In computing architecture, a bus is a communication system that transfers data between components inside a computer or between computers. The bus acts as a highway on which data travels within a computer. When used in personal computers, the bus connects all internal components to the CPU and main memory. The term could also refer to the address bus, data bus, or local bus.
How buses work
A bus is either parallel or serial. Parallel buses transmit data across multiple wires. Serial buses transmit data one bit at a time.
All buses consist of two parts: An address bus and a data bus. A data bus transfers the data whereas an address bus transfers information about where the data should go. The bus contains multiple wires known as signal lines that describe the memory location of where the data is being sent or retrieved. Each wire within a bus carries bits of information. The more wires a bus has, the more information it can address. For example, a 32-bit bus can address 4 GB of memory.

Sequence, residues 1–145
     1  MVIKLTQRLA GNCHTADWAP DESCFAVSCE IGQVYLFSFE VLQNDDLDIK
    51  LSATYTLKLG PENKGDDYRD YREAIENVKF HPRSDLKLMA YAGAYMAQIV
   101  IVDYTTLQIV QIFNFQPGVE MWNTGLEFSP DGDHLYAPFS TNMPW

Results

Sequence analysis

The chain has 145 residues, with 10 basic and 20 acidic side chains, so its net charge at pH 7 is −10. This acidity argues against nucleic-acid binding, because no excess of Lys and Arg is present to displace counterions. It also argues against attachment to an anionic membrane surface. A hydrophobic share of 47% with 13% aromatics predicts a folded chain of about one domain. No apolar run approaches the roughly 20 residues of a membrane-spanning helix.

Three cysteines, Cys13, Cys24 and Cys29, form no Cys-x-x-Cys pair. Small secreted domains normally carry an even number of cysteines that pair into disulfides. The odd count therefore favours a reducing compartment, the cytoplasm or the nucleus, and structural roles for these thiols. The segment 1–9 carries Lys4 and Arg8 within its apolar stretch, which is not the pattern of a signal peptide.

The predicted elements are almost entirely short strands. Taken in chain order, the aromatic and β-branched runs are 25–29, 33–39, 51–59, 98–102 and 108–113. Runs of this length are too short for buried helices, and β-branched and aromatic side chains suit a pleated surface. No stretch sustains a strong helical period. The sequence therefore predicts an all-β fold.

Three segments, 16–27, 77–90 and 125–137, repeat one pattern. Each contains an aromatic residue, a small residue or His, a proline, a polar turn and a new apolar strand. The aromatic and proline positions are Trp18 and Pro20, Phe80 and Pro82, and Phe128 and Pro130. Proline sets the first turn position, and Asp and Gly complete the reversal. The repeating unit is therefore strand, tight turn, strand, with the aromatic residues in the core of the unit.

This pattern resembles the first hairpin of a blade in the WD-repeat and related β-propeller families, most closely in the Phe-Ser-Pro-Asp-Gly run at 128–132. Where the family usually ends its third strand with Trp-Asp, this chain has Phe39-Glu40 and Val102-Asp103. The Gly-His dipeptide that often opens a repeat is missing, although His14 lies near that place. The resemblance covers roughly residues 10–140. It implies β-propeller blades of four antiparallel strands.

A computer’s bus speed is measured in MHz. A fast bus allows data to be transferred faster. It maintains a strict schedule, picking up and dropping off data at regular intervals. For example, if a bus operates at a frequency of 200 MHz, it completes 200 million data transfers per second.
Types of buses
- System bus: A parallel bus transfers 8, 16, or 32-bit channels. It’s the primary pathway between the CPU and memory.
- Internal bus: Enables the communication between internal components, such as internal CPU memory.
- External bus: Communicates with external components, such as a USB or disk drive.
- Expansion bus: Allows expansion boards to access the CPU and RAM
- Frontside bus: Connects the computer’s processor to the RAM and other components on the motherboard.
- Backside bus: Connects the central processing unit to the cache memory, such as Level 2 and Level 3 cache.